Why Settle for Boring? Creative Experiences in the Age of Covid-19

Providing a convenient customer experience is so 2020. Convenience is table stakes now. To succeed going forward, businesses must also engineer delight through creative experiences.

That’s the key take-away from Isobar’s exclusive survey of global CMOs, Isobar CX Survey 2020: Creative Experience in the Age of Covid-19.

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Let’s take a closer look at why creative experiences matter now even more than ever. And if you’re interested in learning more, contact us for more insight into the survey and how we can help you. 

A Global Study with Surprising Results

First, some context. To give insight into the world of the marketer today and their view of the future, Isobar spoke with 1,350+ CMOs across 12 markets, ranging from China to the United States. And CMOs have a lot on their minds. Among the findings:

  • Some 64% of CMOs have changed their CX strategy completely or moderately in response to the pandemic. How? CMOs are doubling down on ideas and innovation – especially the innovative use of technology.

  • While AI is currently the most used emerging technology by 36% of CMOs, voice and chat based interfaces follow closely behind with 29% and 28% adoption.
  • Virtual and augmented reality are also entering the mainstream, with 28% and 27% adoption among CMOs.

Why the focus on big ideas and innovation? After all, conventional wisdom says that during hard times, businesses retreat and hunker down, investing in tried-and-true performance marketing tactics. 

But 2020 has been anything but conventional. 

A Shift to Convenience – with Consequences

As IBM recently reported, the pandemic accelerated a shift to eCommerce by five years, and a demand for convenience in the offline world resulted in a surge in services such as curbside pickup. 

In the early stage of the pandemic, brands rushed to secure their route to market through eCommerce and on-demand convenience. But in doing so, enterprises focused on customer experiences that, well, look exactly like everyone else’s: fast, easy, and to be honest, boring.

CX makes  a new brand promise now. If the first wave of integrating CX was about eliminating friction, the second wave is about meeting the emotional wants and needs of customers – with innovation at the core.

The Rise of Creative CX

There’s a powerful reason motivating CMOs beyond the need to differentiate: people want more than a transaction.

Consumers want brands to play a more meaningful role in their lives at a time when everyone, everywhere, is being profoundly affected by the ongoing trauma of the pandemic. In fact, a recent Twitter survey shows that 77 percent of consumers feel more positively about brands making an effort to support society at the moment, and 70 percent believe brands should boost positivity and share positive stories.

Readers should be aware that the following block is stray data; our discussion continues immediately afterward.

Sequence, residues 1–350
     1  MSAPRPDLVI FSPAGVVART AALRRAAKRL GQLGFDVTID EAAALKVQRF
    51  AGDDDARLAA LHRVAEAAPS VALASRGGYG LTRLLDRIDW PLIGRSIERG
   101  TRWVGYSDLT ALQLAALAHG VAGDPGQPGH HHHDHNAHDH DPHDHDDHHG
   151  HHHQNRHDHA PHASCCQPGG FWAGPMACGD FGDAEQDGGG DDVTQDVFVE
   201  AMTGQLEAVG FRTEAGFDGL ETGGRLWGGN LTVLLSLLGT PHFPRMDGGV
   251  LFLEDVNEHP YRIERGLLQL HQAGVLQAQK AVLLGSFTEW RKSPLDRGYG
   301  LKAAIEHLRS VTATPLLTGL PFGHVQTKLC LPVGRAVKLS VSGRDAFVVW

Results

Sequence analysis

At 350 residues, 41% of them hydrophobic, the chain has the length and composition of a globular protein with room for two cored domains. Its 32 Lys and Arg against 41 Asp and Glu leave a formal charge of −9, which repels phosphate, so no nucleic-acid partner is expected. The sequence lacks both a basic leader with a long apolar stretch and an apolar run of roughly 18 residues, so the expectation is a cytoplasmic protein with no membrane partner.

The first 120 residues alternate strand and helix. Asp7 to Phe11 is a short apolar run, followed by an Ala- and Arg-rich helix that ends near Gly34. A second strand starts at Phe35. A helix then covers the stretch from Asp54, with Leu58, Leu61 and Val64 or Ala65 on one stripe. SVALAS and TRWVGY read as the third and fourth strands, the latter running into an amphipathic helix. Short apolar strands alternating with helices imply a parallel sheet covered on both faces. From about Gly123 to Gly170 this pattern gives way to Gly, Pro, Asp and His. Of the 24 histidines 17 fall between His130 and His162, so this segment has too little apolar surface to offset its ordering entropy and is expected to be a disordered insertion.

No wonder CMOs are doubling down on big ideas and innovation. They’re looking for ways to build stronger emotional bonds at a time when their customers need comfort and relief from uncertain times. And a creative CX, fueled by a smart investment in technology, is just the answer.

Here’s the good news: all the tools CMOs need exist now. 

Creative CX in Action

The CX survey underscored the critical role that digital technology plays in driving creative CX. And Isobar has already helped many  businesses apply them.

For example, KFC in China worked with us to develop Virtual KFC stores on WeChat, China’s number one social media platform.

This creative CX allowed anyone to design a customized pocket store with full commerce functionality. Geo-location meant that orders were ready for fast-track pick-up as customers approached the store. The innovation was KFC’s most successful mobile commerce program ever— pocket store sales exceeded targets by 900%.

When faced with disruption caused by Covid-19, KFC also rolled out new delivery packaging marked with “Contactless Delivery VI,” to help communicate what KFC is doing to control the pandemic and enforce contactless delivery measures.

It also included the temperature of both the food preparation team and the delivery driver to reassure customers. Beyond the individual drop-offs, KFC also developed an “Enterprise” special app for businesses and communities to unify orders and reduce opportunities for contact, but also to provide orders for communities with limited access to the outside world. Each community has an independent QR code, which allows users to scan the code and enter the meal delivery address directly by default.

Next Steps

Our CX survey contains a deeper dive into CMOs’ wants and needs –and tons more examples of work like KFC. Download a copy, and let’s talk about how we can help you deliver a creative CX.

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